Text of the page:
A core part of any security audit is gauging what the entire workforce understand. In this case, a security company will phone the business they are auditing. The “attacker” tells the person on the phone they are the new office tech support team, and they need the latest password for something specific. An unsuspecting individual may hand over the keys to the kingdom without a pause for thought. The scary thing is how often this actually works. Social engineering has existed for centuries. Being duplicitous in order to gain entry to secure area is a common method of attack, and one that is only guarded against with education. This is because the attack won’t always ask directly for a password. It could be a fake plumber or electrician asking for entry to a secure building, and so on.

Rainbow Table

A rainbow table is usually an offline password attack. For example, an attacker has acquired a list of user names and passwords, but they’re encrypted. The encrypted password is hashed. This means it looks completely different from the original password. For instance, your password is (hopefully not!) logmein. The known MD5 hash for this password is  “8f4047e3233b39e4444e1aef240e80aa.” Gibberish to you and I. But in certain cases, the attacker will run a list of plaintext passwords through a hashing algorithm, comparing the results against an encrypted password file. In other cases, the encryption algorithm is vulnerable, and a majority of passwords are already cracked, like MD5 (hence why we know the specific hash for “logmein.” This where the rainbow table really comes into its own. Instead of having to process hundreds of thousands of potential passwords and matching their resulting hash, a rainbow table is a huge set of precomputed algorithm specific hash values. Using a rainbow table drastically decreases the time it takes to crack a hashed password — but it isn’t perfect. Hackers can purchase prefilled rainbow tables filled with millions of potential combinations.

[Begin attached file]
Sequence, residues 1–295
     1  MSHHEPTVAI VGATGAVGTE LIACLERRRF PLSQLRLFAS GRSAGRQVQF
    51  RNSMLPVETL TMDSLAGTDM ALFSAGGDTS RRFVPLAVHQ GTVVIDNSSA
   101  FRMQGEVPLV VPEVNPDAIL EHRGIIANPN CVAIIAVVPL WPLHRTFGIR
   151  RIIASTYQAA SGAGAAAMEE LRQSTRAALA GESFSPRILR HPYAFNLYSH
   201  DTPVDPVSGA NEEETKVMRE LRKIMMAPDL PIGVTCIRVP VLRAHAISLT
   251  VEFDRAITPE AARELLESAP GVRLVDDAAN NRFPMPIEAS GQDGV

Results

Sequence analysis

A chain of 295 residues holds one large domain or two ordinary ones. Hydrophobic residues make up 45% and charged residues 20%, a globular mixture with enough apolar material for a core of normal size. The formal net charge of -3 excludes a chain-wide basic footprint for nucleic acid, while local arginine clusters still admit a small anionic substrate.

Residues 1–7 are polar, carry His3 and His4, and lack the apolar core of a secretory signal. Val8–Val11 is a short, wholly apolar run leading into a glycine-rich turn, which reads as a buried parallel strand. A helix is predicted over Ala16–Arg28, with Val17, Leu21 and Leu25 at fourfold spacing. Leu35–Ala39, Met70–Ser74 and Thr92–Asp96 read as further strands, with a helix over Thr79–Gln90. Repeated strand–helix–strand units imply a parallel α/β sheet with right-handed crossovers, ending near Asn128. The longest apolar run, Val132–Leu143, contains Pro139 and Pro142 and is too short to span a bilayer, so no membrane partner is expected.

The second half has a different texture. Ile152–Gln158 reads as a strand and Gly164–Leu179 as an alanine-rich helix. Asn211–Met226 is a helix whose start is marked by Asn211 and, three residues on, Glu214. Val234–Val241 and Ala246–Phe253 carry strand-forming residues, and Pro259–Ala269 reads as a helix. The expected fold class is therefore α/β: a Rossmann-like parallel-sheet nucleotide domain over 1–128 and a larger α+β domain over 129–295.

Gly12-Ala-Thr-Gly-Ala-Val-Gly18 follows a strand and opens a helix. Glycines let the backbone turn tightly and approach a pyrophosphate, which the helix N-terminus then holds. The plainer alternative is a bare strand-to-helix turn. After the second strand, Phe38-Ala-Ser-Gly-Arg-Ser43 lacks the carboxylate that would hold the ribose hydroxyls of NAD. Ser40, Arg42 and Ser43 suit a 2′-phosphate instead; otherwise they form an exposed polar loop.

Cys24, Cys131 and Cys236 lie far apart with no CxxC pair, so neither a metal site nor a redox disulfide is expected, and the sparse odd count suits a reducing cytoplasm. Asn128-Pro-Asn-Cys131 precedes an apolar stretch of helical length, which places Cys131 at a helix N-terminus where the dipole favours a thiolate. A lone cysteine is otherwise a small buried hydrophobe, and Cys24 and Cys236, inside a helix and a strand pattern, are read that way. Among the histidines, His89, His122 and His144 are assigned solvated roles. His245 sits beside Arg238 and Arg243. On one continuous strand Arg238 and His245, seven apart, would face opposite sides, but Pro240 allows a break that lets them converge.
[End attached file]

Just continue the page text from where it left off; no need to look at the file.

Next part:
6. Malware/Keylogger

Another sure way to lose your login credentials is to fall foul of malware. Malware is everywhere, with the potential to do massive damage. If the malware variant features a keylogger, you could find all of your accounts compromised. Alternatively, the malware could specifically target private data, or introduce a remote access Trojan to steal your credentials.


Spidering ties into the dictionary attack we covered earlier. If a hacker is targeting a specific institution or business, they might try a series of passwords relating to the business itself. The hacker could read and collate a series of related terms — or use a search spider to do the work for them.

You might have heard the term “spider” before. These search spiders are extremely similar to those that crawl through the internet, indexing content for search engines. The custom word list is then used against user accounts in the hope of finding a match.

So, how do you stop a hacker stealing your password? The really short answer is that you cannot truly be 100% safe. But you can mitigate your exposure to vulnerability.

One thing is for sure: using strong, unique single use passwords never hurt anyone — and they’ve definitely saved helped, on more than one occasion.

What is your password protection routine? Do you always use strong single use passwords? What’s your password manager of choice? These are things you need to think about and start doing now!